Bob Woodhouse and Woody Jongeward did more than set a world aviation record — they also helped persuade the U.S. government to reopen a shuttered military airfield in Yuma.
Flying a 1948 Aeronca Sedan named the City of Yuma, the pair stayed aloft continuously for 1,124 hours.
About Bob Woodhouse
Bob Woodhouse was born in Fullerton, Calif., on June 13, 1923. He moved to eastern Yuma County with his parents in 1925.
His parents, Harold and Ethelind Woodhouse, were pilots who were active in the Flying Farmers of Arizona. They were killed in a plane accident on May 1, 1954, five years after their son's record-setting flight.
Bob married his wife, Berta, in 1948.
A former Navy pilot, Woodhouse was also a longtime east Yuma County farmer and member of the Wellton-Mohawk Irrigation and Drainage District.
He served on the Cal-Cot board and the Production Credit Association, among other agricultural groups.
Woodhouse died Dec. 23, 2003, at the age of 80 at his home in Roll.
About Woody Jongeward
Woody Jongeward was born April 12, 1918, in Elk River, Minn. When he was 6, his family relocated to California for a few years before finally settling in Salome, Ariz., in 1929.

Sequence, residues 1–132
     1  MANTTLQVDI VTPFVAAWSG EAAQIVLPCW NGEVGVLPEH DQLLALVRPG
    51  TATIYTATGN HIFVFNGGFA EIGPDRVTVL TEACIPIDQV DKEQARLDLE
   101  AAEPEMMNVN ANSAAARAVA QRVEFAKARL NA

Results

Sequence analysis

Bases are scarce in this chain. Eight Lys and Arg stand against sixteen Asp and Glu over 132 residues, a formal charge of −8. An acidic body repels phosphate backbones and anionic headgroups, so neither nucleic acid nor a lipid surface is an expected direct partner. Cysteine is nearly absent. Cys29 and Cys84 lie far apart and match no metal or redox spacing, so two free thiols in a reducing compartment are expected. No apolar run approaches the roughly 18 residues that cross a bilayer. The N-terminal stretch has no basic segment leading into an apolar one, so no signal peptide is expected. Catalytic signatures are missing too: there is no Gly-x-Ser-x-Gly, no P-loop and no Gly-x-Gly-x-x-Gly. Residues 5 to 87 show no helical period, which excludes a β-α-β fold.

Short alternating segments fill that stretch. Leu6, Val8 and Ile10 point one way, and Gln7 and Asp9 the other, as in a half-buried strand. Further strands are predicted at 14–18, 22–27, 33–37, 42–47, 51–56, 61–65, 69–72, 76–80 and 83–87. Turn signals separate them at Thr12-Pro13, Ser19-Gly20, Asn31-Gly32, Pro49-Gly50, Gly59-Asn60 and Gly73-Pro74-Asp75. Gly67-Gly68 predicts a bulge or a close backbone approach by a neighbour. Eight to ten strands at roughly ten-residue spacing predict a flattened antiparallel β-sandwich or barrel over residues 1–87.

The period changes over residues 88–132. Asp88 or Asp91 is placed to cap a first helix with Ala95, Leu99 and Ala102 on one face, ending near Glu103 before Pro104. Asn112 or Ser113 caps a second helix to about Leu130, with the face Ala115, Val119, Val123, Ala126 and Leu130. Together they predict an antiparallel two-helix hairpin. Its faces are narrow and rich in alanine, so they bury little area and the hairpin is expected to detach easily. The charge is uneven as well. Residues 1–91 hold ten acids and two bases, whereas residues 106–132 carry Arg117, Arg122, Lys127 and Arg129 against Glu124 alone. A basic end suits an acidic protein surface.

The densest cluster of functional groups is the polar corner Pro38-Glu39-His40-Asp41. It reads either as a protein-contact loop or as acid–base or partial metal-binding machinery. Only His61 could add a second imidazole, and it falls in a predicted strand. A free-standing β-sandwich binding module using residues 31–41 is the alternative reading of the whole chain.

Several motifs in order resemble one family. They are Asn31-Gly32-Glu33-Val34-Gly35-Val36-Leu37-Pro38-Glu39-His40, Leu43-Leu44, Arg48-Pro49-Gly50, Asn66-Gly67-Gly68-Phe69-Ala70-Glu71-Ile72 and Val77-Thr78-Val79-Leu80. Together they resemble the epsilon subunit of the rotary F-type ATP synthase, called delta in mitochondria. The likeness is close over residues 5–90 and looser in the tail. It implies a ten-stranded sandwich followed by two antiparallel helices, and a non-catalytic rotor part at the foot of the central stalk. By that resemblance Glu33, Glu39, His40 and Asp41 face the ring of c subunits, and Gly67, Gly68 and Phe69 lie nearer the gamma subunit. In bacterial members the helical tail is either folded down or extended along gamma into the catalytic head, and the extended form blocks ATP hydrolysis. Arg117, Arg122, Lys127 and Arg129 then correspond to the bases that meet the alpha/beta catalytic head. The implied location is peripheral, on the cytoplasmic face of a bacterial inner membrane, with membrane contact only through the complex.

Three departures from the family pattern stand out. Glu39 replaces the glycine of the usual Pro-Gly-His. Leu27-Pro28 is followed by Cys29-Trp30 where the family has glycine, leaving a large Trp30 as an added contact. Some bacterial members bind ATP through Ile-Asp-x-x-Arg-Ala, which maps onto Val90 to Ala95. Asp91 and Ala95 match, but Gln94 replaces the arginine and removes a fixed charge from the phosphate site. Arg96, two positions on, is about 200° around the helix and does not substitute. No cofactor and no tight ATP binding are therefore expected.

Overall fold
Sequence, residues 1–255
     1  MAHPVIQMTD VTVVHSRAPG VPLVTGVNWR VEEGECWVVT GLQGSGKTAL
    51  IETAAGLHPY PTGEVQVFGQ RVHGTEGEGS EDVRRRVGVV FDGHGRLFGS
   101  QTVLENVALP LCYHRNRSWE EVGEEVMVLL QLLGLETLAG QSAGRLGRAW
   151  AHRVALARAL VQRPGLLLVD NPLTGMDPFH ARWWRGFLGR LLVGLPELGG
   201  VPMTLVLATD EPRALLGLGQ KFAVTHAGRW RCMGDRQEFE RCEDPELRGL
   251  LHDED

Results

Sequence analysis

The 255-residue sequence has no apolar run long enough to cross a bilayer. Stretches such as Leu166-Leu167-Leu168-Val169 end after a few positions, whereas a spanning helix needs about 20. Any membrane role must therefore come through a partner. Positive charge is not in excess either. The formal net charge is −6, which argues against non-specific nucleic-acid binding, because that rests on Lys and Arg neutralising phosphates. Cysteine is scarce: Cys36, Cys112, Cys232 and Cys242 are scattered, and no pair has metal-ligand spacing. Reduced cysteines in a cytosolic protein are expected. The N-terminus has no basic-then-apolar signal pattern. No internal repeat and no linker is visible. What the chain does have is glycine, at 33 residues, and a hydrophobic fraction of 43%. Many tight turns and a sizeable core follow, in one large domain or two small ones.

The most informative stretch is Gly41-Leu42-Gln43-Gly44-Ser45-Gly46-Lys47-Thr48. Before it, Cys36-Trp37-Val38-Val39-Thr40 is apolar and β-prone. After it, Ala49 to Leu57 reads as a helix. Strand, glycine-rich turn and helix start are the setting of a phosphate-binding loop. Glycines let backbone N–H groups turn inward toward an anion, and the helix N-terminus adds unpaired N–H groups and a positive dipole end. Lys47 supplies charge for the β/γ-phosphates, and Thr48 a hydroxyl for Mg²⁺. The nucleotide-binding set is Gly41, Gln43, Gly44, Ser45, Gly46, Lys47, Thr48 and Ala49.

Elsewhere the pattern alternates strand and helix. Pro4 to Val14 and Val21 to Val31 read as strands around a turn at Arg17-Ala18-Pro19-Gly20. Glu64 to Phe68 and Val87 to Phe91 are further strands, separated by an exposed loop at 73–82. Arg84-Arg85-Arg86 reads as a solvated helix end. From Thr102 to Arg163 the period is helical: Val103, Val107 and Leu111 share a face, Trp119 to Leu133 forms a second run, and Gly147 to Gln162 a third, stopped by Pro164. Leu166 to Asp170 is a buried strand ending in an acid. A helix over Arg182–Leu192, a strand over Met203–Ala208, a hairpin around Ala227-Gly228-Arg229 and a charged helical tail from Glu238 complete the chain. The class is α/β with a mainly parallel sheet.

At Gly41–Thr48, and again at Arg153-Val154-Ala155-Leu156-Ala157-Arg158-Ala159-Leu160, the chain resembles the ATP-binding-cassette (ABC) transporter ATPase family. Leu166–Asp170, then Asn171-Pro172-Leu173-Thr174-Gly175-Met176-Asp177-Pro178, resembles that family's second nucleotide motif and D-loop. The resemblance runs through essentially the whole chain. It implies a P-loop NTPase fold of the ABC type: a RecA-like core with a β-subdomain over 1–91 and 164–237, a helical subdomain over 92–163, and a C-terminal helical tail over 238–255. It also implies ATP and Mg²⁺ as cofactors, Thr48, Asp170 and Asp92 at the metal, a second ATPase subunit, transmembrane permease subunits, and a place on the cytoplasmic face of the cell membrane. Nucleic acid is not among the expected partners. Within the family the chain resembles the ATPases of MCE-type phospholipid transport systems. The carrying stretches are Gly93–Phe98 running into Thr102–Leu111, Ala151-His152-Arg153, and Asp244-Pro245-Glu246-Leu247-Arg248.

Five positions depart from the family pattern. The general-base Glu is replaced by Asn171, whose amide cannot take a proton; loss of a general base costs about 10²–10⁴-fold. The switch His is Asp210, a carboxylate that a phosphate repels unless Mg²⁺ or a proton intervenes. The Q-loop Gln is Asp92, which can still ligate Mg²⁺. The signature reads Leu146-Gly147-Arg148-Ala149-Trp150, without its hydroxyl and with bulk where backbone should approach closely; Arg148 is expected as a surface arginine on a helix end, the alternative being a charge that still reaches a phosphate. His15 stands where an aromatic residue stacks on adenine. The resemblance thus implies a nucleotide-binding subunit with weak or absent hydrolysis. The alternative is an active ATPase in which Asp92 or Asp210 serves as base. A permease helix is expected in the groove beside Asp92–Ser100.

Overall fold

Jongeward briefly attended Arizona State University until the United States entered World War II. He promptly withdrew from college and enrolled in the Army Air Corps Civilian Pilot Program in Prescott, Ariz., to hone his skills as a pilot.
When the program was moved to Holbrook, Ariz., Jongeward was promoted to flight instructor and began training cadets at the academy.
During this time, he met his future wife, Betty, whom he married in 1944.
Shortly afterward, he left the civilian program to join the Navy, where he trained military pilots at bases across the country, according his daughter.
In 1947, he moved to Yuma to open Jongeward Electric with his brother, Howard, which they operated together for almost 40 years.
He died July 21, 2011, in San Diego.